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I have a file which looks like this:

80,1p21  
81,19q13  
82,6p12.3  
83,Xp11.22  
84,3pter-q21  
86,3q26.33  
87,14q24.1-q24.2|14q24|14q22-q24  
88,1q42-q43  
89,11q13.1  
90,2q23-q24  
91,12q13  
92,2q22.3  
93,3p22  
94,12q11-q14  
95,3p21.1  
97,14q24.3  
98,2p16.2  

And I want to sort them based on second column. And the first column should change accordingly too. When you use sort command in perl, it doesn't do it because it says its not numeric. Is there a way to sort things alpha numerically in perl?

Thanks.

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7  
Yes, you can sort with a custom comparison function in Perl. Have you tried the documentation? –  lanzz Jun 19 '12 at 13:56
1  
Also, if you have them in a file already, you might try the unix sort command. A perl script to sort a file is overkill. –  Mark Tozzi Jun 19 '12 at 14:08
3  
Why does RTFM get four upvotes. If you don't want to answer beginner's questions, then just don't answer them. There's nothing wrong with pointing out the docs, but provide some value with the link, like Dave Cross did below. –  Len Jaffe Jun 19 '12 at 15:36
    
This question was asked here a LOT of times. And it's quite well covered by documentation. Now let me ask you: aren't you saying that ignoring search is the right thing to do for beginners? In my opinion, it's quite the opposite actually: it's even more important for beginner to start using search ASAP. –  raina77ow Jun 19 '12 at 16:30
1  
@Ianzz: So you're the SO police enforcing an "Ask non trivial questions or RTFM" policy? Use SO to teach more than "Go get lost in the 5000 pages of perl docs." Teach, "Here's how to find that in the 5000 pages of docs", "Here's other relevant things to consider while choosing the right answer for your question". Teach fishing skills, don't just tell them to go fish. –  Len Jaffe Jun 21 '12 at 16:46

3 Answers 3

If you read the documentation for sort, you'll see that you don't need to do a numeric sort in Perl. You can do string comparisons too.

@sorted = sort { $a cmp $b } @unsorted;

But that still leaves you with a problem as, for example, 19q will sort before 6p. So you can write your own sort function which can make whatever transformations you want before doing the comparison.

@sorted = sort my_complex_sort @unsorted;

sub my_complex_sort {
  # code that compares $a and $b and returns -1, 0 or 1 as appropriate
  # It's probably best in most cases to do the actual comparison using cmp or <=>

  # Extract the digits following the first comma
  my ($number_a) = $a =~ /,(\d+)/;
  my ($number_b) = $b =~ /,(\d+)/;

  # Extract the letter following those digits
  my ($letter_a) = $a =~ /,\d+(a-z)/;
  my ($letter_b) = $b =~ /,\d+(a-z)/;

  # Compare and return
  return $number_a <=> $number_b or $letter_a cmp $letter_b;
}
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10  
Sort::Naturally –  Zaid Jun 19 '12 at 14:57
#!/usr/bin/env perl

use strict;
use warnings;

my @datas   = map { /^(\d+),(\d*)(.*)$/; [$1, $2, $3]; } <DATA>;
my @res     = sort {$a->[1] <=> $b->[1] or $a->[2] cmp $b->[2]} @datas;
foreach my $data (@res) {
    my ($x, $y, $z) = @{$data};
    print "$x,$y$z\n";
}

__DATA__
80,1p21
81,19q13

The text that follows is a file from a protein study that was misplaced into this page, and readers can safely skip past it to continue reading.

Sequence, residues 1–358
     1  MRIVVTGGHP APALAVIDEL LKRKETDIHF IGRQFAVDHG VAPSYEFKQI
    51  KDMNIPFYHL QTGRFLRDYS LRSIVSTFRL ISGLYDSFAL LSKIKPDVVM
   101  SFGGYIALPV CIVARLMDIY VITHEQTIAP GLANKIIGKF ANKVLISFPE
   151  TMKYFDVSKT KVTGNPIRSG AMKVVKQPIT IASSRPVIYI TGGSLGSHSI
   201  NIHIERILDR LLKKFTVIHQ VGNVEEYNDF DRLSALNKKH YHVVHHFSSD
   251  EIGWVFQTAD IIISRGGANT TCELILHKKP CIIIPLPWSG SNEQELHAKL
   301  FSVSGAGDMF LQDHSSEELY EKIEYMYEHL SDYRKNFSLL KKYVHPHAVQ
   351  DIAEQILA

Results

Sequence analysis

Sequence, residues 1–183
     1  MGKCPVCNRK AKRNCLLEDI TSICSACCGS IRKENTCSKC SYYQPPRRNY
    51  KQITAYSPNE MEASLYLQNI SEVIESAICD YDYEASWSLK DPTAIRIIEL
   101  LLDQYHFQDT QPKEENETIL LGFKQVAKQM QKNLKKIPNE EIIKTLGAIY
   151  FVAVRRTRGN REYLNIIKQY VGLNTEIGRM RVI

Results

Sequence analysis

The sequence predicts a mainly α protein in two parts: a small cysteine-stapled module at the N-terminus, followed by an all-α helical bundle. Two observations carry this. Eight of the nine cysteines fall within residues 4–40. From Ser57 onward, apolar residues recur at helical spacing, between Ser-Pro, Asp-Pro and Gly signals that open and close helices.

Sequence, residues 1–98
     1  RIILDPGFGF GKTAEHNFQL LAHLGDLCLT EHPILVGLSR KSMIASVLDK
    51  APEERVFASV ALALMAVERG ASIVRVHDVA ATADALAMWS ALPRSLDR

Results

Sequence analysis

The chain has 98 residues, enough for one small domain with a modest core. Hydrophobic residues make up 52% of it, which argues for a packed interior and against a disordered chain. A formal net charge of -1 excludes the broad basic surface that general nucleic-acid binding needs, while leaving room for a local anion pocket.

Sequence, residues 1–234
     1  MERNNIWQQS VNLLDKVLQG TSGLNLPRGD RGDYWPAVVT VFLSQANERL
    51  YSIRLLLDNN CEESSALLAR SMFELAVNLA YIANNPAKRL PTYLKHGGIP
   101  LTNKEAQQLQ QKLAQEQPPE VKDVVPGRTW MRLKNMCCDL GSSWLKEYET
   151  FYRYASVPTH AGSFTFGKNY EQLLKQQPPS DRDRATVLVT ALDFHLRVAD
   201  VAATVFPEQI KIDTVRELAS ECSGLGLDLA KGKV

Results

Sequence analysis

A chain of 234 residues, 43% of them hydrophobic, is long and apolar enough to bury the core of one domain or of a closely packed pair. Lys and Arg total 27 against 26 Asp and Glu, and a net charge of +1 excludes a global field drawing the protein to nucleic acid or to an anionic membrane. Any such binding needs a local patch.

82,6p12.3
83,Xp11.22
84,3pter-q21
86,3q26.33
87,14q24.1-q24.2|14q24|14q22-q24
88,1q42-q43
89,11q13.1
90,2q23-q24
91,12q13
92,2q22.3
93,3p22
94,12q11-q14
95,3p21.1
97,14q24.3
98,2p16.2 
share|improve this answer
    
You may want to explain your answer beyond just code. –  SomeKittens Jun 19 '12 at 15:51
    
This will, for example, sort 19q13 before 6p12.3. I don't think that's what the OP wanted. –  Dave Cross Jun 19 '12 at 16:27

I actually found the answer to this. The code looks a bit complicated though.

#!/usr/bin/env perl

use strict;  
use warnings;

sub main {   
my $file;  
if (@ARGV != 1) {   
    die "Usage: perl hashofhash_sort.pl <filename>\n";
}   
else {  
    $file = $ARGV[0];   
}  

open(IN, $file) or die "Error!! Cannot open the $file file: $!\n";
my @file = <IN>;
chomp @file;
my ($entrez_gene, $loci, $chr, $band, $pq, $band_num);
my (%chromosome, %loci_entrez);

foreach my $line (@file) {
    if ($line =~ /(\d+),(.+)/) {
        # Entrez genes
        $entrez_gene = $1;

        # Locus like 12p23.4
        $loci = $2;

        if ($loci =~ /^(\d+)(.+)?/) {
            # chromosome number alone (only numericals)
            $chr = $1;
            if ($2) {
                # locus minus chromosome number. If 12p23.4, then $band is p23.4
                $band = "$2";
                if ($band =~ /^([pq])(.+)/) {
                    # either p or q
                    $pq = $1;
                    # stores the numericals. for p23.4, stores 23.4
                    $band_num = $2;
                }

                if (exists $chromosome{$chr}) {
                    if (exists $chromosome{$chr}{$pq}) {
                        push (@{$chromosome{$chr}{$pq}}, $band_num);
                    }
                    else {
                        $chromosome{$chr}{$pq} = [$band_num];
                    }
                }

                else {
                    $chromosome{$chr}{$pq} = [$band_num];
                }
            }
        }
    }
} # End of foreach loop

foreach my $key (sort {$a <=> $b} keys %chromosome) {
    my %seen = ();
    foreach my $key2 (sort {$a cmp $b } keys %{$chromosome{$key}}) {
        my @unique = grep { ! $seen{$_}++ } @{$chromosome{$key}{$key2}};
        my @sorted = sort @unique;
        foreach my $element (@sorted) {
            my $sorted_locus = "$key$key2$element";
            if (exists $loci_entrez{$sorted_locus}) {
                foreach my $element2 (@{$loci_entrez{$sorted_locus}}) {
                        print "$element2,$sorted_locus\n";

                }
            }
        }
    }

}


} # End of main

main();
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